Wednesday, March 21, 2018

So, yeah, those bombs in Austin

photo from Daily Beast by Brendan Buress

When the first bomb went off, I assumed something was up in the victim's personal life - that some crazy story would come out about the person killed.  It's not just that it occurred in Austin - where we have a low crime rate, our organized crime is low key, and our murder rate very low for a city of this size - it's that it occurred out in the 'burbs up north.

Really, the bombing felt like a freak incident.  The local press had nothing to go on, so no one paid much attention.  What do you even say when this happens and then... nothing?

Fast forward a week and bombs two and three went off on the same day.

For as "cool" as Austin is supposed to be, this city never desegregated.  I-35 runs right on the edge of downtown, and on one side you have the government, education, business and entertainment district, and on the other side of the freeway, you have The East Side.  The area is in transition as newcomers have purchased a lot of that property and multistory condos are going up, but it takes all of two minutes of looking to figure out that the neighborhoods here are where a lot of Hispanic immigrant families live, especially adjacent to downtown and south.  North and east of that, you have African American neighborhoods.

Bombs two and three went off in those neighborhoods.  One explosion killed a high school kid, and the second grievously injured a woman going to visit her 90 year old mother.  The student was Black, the woman Hispanic.  And that's when we learned the first victim was Black.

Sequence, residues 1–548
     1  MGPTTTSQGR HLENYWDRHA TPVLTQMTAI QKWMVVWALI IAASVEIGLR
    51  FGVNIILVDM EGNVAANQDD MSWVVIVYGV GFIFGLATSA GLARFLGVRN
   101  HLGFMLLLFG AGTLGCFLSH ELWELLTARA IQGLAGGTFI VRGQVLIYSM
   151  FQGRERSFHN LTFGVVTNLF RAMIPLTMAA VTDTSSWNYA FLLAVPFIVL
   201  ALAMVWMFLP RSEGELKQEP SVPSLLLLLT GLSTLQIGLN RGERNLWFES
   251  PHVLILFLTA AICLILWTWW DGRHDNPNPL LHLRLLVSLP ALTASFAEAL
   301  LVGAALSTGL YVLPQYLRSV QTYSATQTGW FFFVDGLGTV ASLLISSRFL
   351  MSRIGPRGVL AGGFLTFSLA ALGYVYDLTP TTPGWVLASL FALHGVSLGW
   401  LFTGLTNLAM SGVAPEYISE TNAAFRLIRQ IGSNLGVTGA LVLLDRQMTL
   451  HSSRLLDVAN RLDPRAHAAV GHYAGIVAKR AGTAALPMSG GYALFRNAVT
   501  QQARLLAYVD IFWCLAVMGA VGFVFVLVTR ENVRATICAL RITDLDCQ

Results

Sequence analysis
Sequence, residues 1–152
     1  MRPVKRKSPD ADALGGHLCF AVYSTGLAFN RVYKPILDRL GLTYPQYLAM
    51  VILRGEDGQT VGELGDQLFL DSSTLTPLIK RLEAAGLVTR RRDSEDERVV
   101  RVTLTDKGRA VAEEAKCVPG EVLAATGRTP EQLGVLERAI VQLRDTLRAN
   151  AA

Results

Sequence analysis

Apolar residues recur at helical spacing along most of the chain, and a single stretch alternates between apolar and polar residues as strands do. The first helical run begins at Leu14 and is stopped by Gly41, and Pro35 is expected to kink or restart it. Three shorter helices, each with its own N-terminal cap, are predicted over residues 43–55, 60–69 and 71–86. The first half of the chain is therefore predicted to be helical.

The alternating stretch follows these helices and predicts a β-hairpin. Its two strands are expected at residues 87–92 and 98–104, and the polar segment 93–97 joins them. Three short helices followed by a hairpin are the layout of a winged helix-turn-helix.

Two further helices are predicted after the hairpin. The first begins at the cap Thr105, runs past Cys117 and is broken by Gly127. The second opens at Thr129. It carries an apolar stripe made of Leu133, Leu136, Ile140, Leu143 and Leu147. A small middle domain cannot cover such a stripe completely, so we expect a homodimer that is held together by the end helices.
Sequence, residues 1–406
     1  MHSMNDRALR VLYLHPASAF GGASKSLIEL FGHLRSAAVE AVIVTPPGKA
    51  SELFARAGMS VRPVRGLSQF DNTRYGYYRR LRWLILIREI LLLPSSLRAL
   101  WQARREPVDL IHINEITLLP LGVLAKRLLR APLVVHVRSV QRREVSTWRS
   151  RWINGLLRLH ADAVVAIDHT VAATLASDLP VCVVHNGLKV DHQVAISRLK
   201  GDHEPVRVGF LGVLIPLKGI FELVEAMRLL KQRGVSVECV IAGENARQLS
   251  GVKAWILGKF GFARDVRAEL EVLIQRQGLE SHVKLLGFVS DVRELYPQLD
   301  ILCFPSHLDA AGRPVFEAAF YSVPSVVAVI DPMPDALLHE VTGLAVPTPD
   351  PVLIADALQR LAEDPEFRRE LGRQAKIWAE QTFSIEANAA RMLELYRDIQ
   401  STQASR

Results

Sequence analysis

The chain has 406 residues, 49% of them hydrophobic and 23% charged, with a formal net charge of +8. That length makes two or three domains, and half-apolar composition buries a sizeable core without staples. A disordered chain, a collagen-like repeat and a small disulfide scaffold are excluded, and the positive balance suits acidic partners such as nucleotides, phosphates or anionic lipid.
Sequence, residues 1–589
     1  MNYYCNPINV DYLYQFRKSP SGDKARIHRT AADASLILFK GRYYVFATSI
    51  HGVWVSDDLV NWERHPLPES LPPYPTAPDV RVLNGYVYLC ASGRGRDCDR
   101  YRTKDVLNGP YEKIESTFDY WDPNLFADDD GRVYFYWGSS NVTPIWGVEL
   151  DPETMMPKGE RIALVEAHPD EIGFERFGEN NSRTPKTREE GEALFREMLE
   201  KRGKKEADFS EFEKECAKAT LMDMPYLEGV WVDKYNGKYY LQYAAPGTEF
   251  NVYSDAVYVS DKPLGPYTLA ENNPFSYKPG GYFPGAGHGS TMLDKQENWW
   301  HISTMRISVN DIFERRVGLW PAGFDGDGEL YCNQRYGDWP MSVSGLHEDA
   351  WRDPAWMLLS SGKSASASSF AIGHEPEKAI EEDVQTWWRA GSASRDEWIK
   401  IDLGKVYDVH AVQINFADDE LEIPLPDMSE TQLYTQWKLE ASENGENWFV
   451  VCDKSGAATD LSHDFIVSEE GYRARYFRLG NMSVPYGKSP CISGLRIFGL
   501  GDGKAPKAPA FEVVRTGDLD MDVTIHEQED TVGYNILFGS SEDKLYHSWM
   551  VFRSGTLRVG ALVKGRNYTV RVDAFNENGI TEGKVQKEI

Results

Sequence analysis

Texas is not without racism - and I could go on about the history of Austin's segregation and destruction of neighborhoods, but not here and now - and we also aren't without White Supremacists.  Throw in our conspiracy nuts, uber-Libertarians, etc... and that laid back vibe people get when they come to town is surface layer.  There's a lot going on here (and everywhere).

For the first three bombings, most of us assumed the work was that of a White Supremacist - which at least gave someone a lead.  Look into those hate groups, cross-reference for training/ military time/ etc... and it maybe painted a picture.

The victims were, of course, just going about their day.  Anthony Stephan House, the first victim, was a father of an young daughter.  The second victim was Draylen Mason, a college-bound 17 year old who was set to go to UT and likely major in music.  A shining star of a student.   Esperanza Herrera was caring for her mother, and was a fixture in the neighborhood.

The bomb on Sunday night was set very differently and in a different neighborhood.  Travis Country is South and West of town.  It's a predominantly White area.  Lots of tech industry folks live there.  A tripwire was set and caught two joggers, young men, who sustained serious injury, but are expected to pull through.

This was different.  Whatever clues we thought we were working with had gone out the window as the bomb-type changed and the location changed.  This one seemed to be a tripwire attached to the package, placed after dark where the tripwire wouldn't be seen.  Bombs weren't on anyone in particular's doorstep, it was random.  And, while I say the area is largely White, it's nowhere near everyone.  If the prior bombs had seemed coded with a message, this one unraveled that hypothesis.  Now it was truly random.

Tuesday morning we learned a bomb had gone off at a FedEx facility South of Austin at a sort of central depot for collecting and dispatching packages from FedEx retail shops.  I'm not clear if anyone was injured, but it doesn't seem like any injury resulting was terribly serious from the media's lack of focus on the victims.  A second bomb was discovered at a different sorting facility near the airport.